Taking advantage of the networks' post-sweeps lull, TNT roars back in a big way this week, with tonight's winter return (for five episodes) of its two biggest hits, The Closer and Rizzoli & Isles, and starting Tuesday for the next month, a weekly series of first-run mystery movies on Tuesdays and Wednesdays. (More on that later this week.)
The Closer (8/7c) and Rizzoli (9/8c) each have similar starting points for this week's cases — the violent murder of an inner-city leader — but how they go about handling the story is an object lesson on why one show remains such potent entertainment midway through its final season and why the other is such a cartoonish bad joke.
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On an unsettlingly topical episode of The Closer, the fatal shooting of a high-school principal leads Brenda and her Major Crimes team to investigate the school's long-time coach (ER's Michael Beach), whose career is in jeopardy after it's discovered he has taken an unusually personal interest in the lives of some of his more disadvantaged players. Is he a predatory monster or a selfless humanitarian? Either way, he hasn't followed the rules. And as he tells Brenda (the canny Kyra Sedgwick) in an interrogation, "Do you know what it's like to have someone staring over your shoulder day and night, looking for that one thing that could get you fired?" As a matter of fact, Brenda does. This entire case unfolds with Capt. Sharon Raydor (Mary McDonnell) watching everyone on the team like a hawk, keeping strict records and taking a rigid by-the-book approach while the federal lawsuit against Brenda & Co. is pending. Brenda isn't happy, and Sharon is just as displeased to be playing "hall monitor," but they have one goal in common: flushing out the leak in the department.
It's a strong episode, and even if the denouement is fairly obvious, it beats the ludicrousness of the way Rizzoli & Isles wraps its case, about the drive-by murder of a community activist and the brave eyewitness who risks it all to come forward and testify against the notorious gangbanger who terrorizes the neighborhood and is believed to have already killed 15 people. The writing is unfailingly clumsy and the acting so broad (including from guest star Roselyn Sanchez as an aggressive prosecutor) it's almost funny — except for those moments when the show is trying for laughs and ends up being embarrassing, as usual involving Lorraine Bracco as Jane's shrill imbecile of a mom, this week fawning over a visiting Bill O'Reilly.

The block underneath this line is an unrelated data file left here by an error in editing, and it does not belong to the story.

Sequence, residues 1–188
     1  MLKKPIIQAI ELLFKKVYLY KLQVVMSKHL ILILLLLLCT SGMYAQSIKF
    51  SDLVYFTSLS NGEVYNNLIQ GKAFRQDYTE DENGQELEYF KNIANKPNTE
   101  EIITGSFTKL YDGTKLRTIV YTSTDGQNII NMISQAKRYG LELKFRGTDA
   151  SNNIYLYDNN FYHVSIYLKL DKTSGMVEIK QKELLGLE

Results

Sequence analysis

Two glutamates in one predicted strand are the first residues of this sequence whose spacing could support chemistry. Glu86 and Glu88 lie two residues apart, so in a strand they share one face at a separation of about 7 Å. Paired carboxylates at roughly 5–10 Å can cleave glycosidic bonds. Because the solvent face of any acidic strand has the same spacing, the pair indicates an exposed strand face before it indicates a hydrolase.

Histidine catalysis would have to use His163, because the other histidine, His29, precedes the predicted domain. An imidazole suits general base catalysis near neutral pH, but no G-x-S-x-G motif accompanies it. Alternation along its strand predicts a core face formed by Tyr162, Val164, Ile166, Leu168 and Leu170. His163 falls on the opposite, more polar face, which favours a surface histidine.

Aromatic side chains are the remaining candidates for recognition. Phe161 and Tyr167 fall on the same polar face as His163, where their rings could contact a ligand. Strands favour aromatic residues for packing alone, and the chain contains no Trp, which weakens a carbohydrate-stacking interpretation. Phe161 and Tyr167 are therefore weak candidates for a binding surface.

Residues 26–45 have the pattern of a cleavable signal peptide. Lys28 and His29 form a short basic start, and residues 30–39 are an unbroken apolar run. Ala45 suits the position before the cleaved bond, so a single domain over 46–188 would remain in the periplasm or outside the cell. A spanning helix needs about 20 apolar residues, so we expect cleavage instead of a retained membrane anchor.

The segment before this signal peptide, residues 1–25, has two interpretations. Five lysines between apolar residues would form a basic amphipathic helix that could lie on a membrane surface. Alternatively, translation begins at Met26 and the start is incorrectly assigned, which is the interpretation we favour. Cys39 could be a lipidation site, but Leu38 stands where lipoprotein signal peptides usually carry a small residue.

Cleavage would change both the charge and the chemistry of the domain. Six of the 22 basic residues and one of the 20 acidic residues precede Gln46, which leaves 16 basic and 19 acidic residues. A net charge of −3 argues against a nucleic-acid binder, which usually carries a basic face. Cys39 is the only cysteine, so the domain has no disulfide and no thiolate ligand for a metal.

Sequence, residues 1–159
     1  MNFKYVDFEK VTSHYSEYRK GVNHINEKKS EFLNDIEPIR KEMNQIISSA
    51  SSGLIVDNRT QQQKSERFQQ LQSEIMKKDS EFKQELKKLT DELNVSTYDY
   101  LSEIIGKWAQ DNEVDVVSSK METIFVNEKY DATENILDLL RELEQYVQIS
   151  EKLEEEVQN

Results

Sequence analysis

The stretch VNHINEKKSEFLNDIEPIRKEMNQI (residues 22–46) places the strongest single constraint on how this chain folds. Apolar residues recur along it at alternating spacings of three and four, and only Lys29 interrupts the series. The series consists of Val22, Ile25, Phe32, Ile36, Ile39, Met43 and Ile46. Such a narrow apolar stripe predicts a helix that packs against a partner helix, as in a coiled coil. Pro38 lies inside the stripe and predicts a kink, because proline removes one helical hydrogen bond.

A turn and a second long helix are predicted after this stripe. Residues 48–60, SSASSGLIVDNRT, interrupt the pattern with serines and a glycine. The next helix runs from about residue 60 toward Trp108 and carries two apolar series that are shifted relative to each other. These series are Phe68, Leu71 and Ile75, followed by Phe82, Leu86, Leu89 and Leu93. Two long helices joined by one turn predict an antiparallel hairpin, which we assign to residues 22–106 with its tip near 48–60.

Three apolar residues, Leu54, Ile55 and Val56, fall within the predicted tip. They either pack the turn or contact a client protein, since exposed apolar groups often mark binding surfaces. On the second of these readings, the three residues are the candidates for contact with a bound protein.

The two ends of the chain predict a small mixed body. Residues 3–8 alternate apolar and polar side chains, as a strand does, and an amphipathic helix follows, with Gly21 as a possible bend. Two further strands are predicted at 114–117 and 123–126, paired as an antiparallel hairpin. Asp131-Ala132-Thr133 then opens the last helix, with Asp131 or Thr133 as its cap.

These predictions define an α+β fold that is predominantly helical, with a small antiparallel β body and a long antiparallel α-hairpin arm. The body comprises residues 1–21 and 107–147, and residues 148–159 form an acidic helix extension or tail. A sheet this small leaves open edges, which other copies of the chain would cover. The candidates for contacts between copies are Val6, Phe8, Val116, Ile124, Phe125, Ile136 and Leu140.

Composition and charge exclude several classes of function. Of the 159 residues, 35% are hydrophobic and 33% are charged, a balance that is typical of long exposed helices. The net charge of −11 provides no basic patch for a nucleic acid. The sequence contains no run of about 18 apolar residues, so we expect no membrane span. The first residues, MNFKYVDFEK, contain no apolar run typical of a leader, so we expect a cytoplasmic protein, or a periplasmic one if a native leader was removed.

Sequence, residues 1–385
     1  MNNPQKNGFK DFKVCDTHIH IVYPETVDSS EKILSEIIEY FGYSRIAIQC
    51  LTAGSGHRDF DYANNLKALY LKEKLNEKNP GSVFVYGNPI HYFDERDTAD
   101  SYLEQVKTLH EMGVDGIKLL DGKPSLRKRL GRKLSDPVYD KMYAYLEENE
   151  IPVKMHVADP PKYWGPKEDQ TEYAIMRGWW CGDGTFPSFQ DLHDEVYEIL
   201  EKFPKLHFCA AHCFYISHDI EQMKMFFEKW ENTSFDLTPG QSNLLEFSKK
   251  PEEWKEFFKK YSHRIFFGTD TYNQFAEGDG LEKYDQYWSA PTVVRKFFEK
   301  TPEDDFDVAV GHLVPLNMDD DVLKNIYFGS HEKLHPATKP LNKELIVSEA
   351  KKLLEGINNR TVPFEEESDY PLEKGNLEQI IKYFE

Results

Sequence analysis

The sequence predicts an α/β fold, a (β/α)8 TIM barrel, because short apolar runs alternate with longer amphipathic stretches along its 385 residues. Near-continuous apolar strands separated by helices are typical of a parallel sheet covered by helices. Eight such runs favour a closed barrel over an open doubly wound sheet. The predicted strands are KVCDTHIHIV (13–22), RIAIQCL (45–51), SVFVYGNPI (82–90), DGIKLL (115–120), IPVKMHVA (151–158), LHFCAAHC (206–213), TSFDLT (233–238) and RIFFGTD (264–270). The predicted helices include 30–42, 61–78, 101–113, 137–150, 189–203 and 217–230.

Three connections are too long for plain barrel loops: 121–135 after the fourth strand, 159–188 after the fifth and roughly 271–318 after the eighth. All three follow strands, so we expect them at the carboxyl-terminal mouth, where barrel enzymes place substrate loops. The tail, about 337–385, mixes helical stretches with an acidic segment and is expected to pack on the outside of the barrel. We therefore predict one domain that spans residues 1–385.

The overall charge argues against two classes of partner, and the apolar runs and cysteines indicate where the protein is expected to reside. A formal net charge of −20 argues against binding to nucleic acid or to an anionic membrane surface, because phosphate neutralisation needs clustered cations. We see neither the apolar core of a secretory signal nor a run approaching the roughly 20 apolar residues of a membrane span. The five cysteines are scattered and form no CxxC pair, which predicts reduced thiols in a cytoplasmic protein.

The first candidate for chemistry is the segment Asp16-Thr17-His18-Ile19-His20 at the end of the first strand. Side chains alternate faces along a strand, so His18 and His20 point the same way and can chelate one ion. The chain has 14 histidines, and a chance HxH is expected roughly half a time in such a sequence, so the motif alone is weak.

Everyone has their favorite animated Christmas special, and mine is Dr. Seuss' How the Grinch Stole Christmas (ABC, 8/7c), the 1966 classic with its jubilant score, the memorable voice work of Boris Karloff, and the yearly spectacle of the Whos of Whoville expanding the shrunken heart of the grouchy Grinch by showing him that Christmas is more than presents and decorations. Probably didn't hurt that my childhood pet looked an awful lot like the Grinch's devoted and long-suffering sidekick, Max. This is followed by the very enjoyable Shrek the Halls (8:30/7:30c) from 2007, in which Shrek's storybook friends keep intruding on the ogre's plans for peace and quiet.
Fox's Terra Nova (8/7c) finally revealed some juicy intel in last week's above-par episode, if we can believe Commander Taylor's story about his estranged son Lucas developing a two-way portal that would allow the Earth of 2149 to denude Terra Nova of its natural bounty. Hoping the momentum continues this week, as Taylor and Mira (the Amazonian Sixers leader) have a confrontation in the jungle that is interrupted by a dangerous prehistoric creature, while Jim continues to pursue the mole while Terra Nova goes on lockdown. Of course, there's always the "awww" factor to gum up the works, as precious little Zoe is forced to make a tough decision about her stewardship of the fast-growing baby Ankylosaur she's been raising. (In Terra Nova, being cute enough to eat might just backfire. We can hope.)
So what else is on? ... NBC's The Sing-Off (8/7c) names its winner in a live two-hour season finale, as the final three a capella groups perform one last time before finding out which is America's favorite. ... In what amounts to a greatest-hits compilation, back-to-back episodes of BBC America's Top Gear Top 40 (8/7c and 9/8c) reveal some of the fans' choices for the show's best challenges and stunts over the years. ... MTV salutes one of its class clowns with A Tribute to Ryan Dunn (10:30/9:30c), reliving the late comic stuntman's antics with the Viva La Bam and Jackass crews. It's preceded by a new episode of Ridiculousness (10/9c), featuring Dunn in one of his last TV appearances.
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